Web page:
One reoccurring question on this community news site concerns the future of our alleys. Oregon Hill, one of Richmond’s oldest neighborhoods, sadly had many of its alley stripped of their historic cobblestones by the City and developers years ago (Where did they go?). Over time, their surfaces have been made either loose gravel or smooth […]
One reoccurring question on this community news site concerns the future of our alleys. Oregon Hill, one of Richmond’s oldest neighborhoods, sadly had many of its alley stripped of their historic cobblestones by the City and developers years ago (Where did they go?). Over time, their surfaces have been made either loose gravel or smooth pavement. The results have been less than desirable.
In the alleys that have been paved, residents have experienced more cars speeding and more rain runoff. In the alleys still with gravel, giant potholes, huge ruts, and spillover into streets (as in the picture below on the 500 block of S. Cherry) develop.
There is a huge ditch created by water run off from the rain in the alley between s pine st rva and s laurel st. the ditch is about 1ft deep and approx 1.5ft wide and about 15- 20 ft long , this is big enough to swallow small cars tires and get them stuck, many times me and my roommates have gotten stuck trying to get in and out of our driveway due to this ditch running down the middle of the alley. Since this problem was recently fixed in aug and has happened again we believe that this alley should be paved just like green alley and surround alleys.
This request has been received and submitted to DPW Roadway Division via City Works #131859 – rgm10/24/2011
Regarding pedestrians. I am afraid that by paving the alley, cars will speed through it. Since it is heavily used, there is potential for disaster.
Something definantly needs to be done. I own 122 S. Laurel and when I went to see my tenants, my tire got caught in the “ditch” and the underside of my car scraped bottom, causing damage to my muffler. This needs more than to be filled with gravel, as all of that has washed away in the rain. It needs to either be graded and more gravel put down, or graded and paved. With all of the run off going thru that alley, I think paving would be most effective. I am not quite sure how paving would be dangerous to pedestrians, as Nancy has said, but I know that the ditch is currently a danger to both walkers and drivers. It is very dangerous to pedestrians and damaging to vehicles.
I don’t agree with paving, since it is a wide alley and could become dangerous to pedestrians, but perhaps grading it and ensure the drainage is correct.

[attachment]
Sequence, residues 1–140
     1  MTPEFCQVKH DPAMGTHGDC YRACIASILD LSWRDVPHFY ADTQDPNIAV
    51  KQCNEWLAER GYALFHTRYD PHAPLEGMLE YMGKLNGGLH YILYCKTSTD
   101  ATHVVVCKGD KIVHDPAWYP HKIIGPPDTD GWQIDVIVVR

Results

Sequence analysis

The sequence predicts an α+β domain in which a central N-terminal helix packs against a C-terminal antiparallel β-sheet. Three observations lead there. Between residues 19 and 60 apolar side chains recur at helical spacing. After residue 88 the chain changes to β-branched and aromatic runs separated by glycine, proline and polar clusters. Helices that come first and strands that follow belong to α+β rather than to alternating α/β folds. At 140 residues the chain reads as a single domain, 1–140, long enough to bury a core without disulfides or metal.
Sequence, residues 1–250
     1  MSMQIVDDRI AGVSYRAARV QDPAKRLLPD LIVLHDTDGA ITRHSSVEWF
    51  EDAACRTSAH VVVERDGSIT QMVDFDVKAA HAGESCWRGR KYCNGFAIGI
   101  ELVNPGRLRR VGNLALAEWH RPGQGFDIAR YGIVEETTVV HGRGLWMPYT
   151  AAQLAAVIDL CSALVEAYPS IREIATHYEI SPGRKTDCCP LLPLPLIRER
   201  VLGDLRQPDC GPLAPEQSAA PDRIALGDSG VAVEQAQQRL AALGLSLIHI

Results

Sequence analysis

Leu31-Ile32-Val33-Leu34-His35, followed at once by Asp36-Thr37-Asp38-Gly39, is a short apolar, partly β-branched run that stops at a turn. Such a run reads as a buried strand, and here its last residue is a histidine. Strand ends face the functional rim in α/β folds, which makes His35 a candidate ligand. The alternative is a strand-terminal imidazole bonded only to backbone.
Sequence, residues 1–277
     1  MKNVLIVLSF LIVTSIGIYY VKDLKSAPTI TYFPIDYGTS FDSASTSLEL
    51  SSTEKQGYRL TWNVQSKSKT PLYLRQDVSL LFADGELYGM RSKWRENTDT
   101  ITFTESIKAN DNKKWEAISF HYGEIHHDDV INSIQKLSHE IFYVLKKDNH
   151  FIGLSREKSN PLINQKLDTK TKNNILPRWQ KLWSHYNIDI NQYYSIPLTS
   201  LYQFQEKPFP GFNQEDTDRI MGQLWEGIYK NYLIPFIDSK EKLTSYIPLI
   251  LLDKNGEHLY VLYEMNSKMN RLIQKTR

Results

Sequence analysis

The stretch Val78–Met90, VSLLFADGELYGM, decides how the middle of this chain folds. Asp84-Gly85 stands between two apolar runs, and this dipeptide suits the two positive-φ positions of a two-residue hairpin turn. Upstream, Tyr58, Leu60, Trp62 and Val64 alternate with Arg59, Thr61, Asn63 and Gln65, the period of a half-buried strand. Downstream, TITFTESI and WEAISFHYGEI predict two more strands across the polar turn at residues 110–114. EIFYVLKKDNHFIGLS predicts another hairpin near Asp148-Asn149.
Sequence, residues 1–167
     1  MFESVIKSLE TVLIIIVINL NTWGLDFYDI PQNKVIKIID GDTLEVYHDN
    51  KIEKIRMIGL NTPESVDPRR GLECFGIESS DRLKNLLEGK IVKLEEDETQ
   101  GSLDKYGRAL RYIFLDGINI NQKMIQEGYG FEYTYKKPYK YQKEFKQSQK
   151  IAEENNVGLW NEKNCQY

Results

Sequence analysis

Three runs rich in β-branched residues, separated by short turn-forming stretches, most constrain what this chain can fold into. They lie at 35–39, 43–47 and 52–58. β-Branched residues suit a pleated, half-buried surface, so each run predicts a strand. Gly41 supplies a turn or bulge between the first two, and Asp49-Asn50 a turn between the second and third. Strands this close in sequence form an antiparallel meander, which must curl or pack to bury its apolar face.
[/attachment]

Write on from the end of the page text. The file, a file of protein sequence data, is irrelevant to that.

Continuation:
This alley that is on the west side of Pine Street and runs north and south is a huge reoccuring problem. The city of Richmond needs to regrade again and then pave it. It is run off water from Pine Court I and Pine Court II that comes from when it rains. It also has a huge run off from the buildings on the corner of Pine and Cary that were newly developed as well as the one at Belvidere and Cary. Since there are now paved areas and buildings that go almost lot line to lot line it is creating a huge problem for the preexisting buildings and streets that now flood like a river. This alley needs to be paved as it is a heavily traveled alley and the water is constantly eroding it.It runs from 122 south Pine at Cumberland all the way north to green alley. Thank you!!!!
The City of Richmond now has a stormwater utility. This is exactly the sort of issue that the fees collected from that utility should go to. I have pointed again and again to what other cities are doing with green, permeable paving that creates safe surfaces while allowing rain water to go to ground. Chicago has a whole Green Alley program (not to be confused with Oregon Hill’s Green Alley). Where is Richmond’s Green Alley program?
In my personal opinion, citizens should settle for nothing less than this type of attention for Oregon Hill alleys. After all, the cobblestones, the original, green alley surfaces, were taken from us. And as VCU and other developers have encroached, we have seen more and more stormwater problems. The neighborhood, and “The Heights” portion in particular, deserve better infrastructure attention. And in the bigger picture, every neighborhood in Richmond deserves beautiful green alleys.